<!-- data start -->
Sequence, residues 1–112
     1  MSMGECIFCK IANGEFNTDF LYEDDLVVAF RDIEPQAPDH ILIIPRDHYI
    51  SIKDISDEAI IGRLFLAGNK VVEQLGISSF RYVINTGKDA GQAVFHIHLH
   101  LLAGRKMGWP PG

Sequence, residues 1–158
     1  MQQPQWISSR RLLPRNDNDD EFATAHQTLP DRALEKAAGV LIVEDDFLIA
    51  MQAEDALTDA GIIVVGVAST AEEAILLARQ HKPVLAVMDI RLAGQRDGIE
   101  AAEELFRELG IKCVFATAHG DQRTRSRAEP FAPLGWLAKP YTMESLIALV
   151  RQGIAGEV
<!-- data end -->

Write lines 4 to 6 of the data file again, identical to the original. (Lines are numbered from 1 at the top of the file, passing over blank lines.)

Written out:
   101  LLAGRKMGWP PG

Sequence, residues 1–158
     1  MQQPQWISSR RLLPRNDNDD EFATAHQTLP DRALEKAAGV LIVEDDFLIA